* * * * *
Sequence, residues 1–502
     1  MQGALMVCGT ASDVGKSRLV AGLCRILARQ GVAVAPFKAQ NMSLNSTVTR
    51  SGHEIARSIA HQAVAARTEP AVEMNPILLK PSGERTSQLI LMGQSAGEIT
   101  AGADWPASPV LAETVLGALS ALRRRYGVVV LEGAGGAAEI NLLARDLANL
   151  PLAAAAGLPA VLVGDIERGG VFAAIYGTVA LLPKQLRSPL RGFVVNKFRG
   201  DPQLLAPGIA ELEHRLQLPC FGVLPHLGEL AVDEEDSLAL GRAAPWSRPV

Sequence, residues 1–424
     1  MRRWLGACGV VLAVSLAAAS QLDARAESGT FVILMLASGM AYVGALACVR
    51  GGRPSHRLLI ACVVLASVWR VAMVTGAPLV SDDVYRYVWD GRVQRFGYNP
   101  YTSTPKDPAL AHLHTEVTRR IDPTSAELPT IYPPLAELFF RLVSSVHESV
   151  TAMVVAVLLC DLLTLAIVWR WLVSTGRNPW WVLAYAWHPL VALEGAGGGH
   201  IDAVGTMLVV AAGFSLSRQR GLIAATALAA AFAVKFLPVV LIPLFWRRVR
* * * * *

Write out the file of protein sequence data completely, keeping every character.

Sequence, residues 1–502
     1  MQGALMVCGT ASDVGKSRLV AGLCRILARQ GVAVAPFKAQ NMSLNSTVTR
    51  SGHEIARSIA HQAVAARTEP AVEMNPILLK PSGERTSQLI LMGQSAGEIT
   101  AGADWPASPV LAETVLGALS ALRRRYGVVV LEGAGGAAEI NLLARDLANL
   151  PLAAAAGLPA VLVGDIERGG VFAAIYGTVA LLPKQLRSPL RGFVVNKFRG
   201  DPQLLAPGIA ELEHRLQLPC FGVLPHLGEL AVDEEDSLAL GRAAPWSRPV

Sequence, residues 1–424
     1  MRRWLGACGV VLAVSLAAAS QLDARAESGT FVILMLASGM AYVGALACVR
    51  GGRPSHRLLI ACVVLASVWR VAMVTGAPLV SDDVYRYVWD GRVQRFGYNP
   101  YTSTPKDPAL AHLHTEVTRR IDPTSAELPT IYPPLAELFF RLVSSVHESV
   151  TAMVVAVLLC DLLTLAIVWR WLVSTGRNPW WVLAYAWHPL VALEGAGGGH
   201  IDAVGTMLVV AAGFSLSRQR GLIAATALAA AFAVKFLPVV LIPLFWRRVR